"I'll be deathly scared," he said. "For me, it's not meeting new people. It's wanting to make sure I don't mess up or make sure I was prepared enough."
Bellows Falls Union High School has 17 students playing in the district band while five were accepted into the district jazz choir.
"We were really thrilled to have 17 students accepted into the band this year," said Nicholas Pelton, BFUHS music teacher. "Strangely enough, this was the exact same number we had last year as well. Due to the fact that we are fortunate enough to have students representing all sections of the band, this allows us to have pretty functional ensemble rehearsals on this music. The students will come together for three Wednesday evening rehearsals to rehearse the music prior to the festival."
BFUHS Choral Director Mary Westbrook-Geha said each student received a folder of music with four selections. Currently, her students are learning the songs in anticipation of the festival.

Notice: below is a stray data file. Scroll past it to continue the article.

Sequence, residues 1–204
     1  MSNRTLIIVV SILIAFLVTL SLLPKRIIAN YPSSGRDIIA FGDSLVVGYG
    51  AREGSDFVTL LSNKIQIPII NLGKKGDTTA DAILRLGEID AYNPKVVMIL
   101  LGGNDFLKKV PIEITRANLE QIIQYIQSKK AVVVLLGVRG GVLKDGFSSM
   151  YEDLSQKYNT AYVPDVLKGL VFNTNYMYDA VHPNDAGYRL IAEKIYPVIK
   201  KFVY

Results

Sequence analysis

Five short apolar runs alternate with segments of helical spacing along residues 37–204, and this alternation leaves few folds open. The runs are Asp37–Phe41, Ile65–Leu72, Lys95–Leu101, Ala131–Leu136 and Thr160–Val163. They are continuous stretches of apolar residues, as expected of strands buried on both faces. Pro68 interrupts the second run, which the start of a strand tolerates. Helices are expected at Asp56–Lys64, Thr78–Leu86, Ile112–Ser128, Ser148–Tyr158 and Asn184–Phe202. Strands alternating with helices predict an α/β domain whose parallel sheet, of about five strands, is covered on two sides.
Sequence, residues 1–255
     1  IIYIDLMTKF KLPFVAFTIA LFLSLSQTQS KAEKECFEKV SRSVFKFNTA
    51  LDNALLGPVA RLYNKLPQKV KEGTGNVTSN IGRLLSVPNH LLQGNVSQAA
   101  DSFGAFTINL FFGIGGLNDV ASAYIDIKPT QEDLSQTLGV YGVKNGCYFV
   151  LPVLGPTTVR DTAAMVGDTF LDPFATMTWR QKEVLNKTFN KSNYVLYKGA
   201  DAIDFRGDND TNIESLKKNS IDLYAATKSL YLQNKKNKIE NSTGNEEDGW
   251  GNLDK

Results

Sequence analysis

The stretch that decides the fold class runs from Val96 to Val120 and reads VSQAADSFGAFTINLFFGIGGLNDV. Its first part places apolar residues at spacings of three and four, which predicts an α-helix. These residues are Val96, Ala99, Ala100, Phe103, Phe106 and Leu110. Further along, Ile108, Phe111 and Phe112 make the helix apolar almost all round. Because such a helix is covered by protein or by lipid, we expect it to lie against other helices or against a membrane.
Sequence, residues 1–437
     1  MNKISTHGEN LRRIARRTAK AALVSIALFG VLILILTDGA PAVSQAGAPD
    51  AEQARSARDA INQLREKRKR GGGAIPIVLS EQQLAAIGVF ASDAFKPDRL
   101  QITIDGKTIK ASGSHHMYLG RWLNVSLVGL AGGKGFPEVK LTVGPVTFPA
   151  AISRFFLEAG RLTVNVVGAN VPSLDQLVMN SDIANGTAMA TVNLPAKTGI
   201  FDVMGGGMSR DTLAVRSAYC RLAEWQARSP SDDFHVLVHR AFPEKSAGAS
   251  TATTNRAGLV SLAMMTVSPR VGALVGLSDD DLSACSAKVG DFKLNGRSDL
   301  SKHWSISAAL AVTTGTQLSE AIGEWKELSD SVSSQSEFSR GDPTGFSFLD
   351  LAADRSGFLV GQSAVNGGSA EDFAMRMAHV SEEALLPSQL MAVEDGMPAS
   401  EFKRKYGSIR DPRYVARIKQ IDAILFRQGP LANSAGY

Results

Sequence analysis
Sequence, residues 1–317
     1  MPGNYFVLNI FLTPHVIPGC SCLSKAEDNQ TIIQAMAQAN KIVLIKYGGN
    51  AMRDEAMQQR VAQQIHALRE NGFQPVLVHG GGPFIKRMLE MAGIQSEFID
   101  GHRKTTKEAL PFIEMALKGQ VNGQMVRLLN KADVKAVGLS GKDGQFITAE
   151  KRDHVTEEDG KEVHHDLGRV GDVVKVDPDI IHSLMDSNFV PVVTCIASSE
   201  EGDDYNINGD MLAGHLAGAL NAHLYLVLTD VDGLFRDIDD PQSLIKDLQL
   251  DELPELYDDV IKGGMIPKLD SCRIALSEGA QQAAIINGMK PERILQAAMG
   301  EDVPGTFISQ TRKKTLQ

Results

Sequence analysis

"When they arrive for first rehearsal on Friday, they need to know all of their pitches and rhythms," she said, adding that the students must be ready to work to bring the music to performance level before the Saturday afternoon concert.
Twin Valley Middle High School will see two students singing with the middle school district chorus.
"The district chorus offers a different experience for choristers as the two-day festival is very intense and crammed packed with singing for two entire days, which culminates in a concert at the end of the second day," said Sue Maddern, Twin Valley choral director. "Twin Valley students have been taking part in these district festivals for the last twenty plus years as musicians in jazz choir, chorus, middle school chorus, jazz band, and middle and high school concert bands."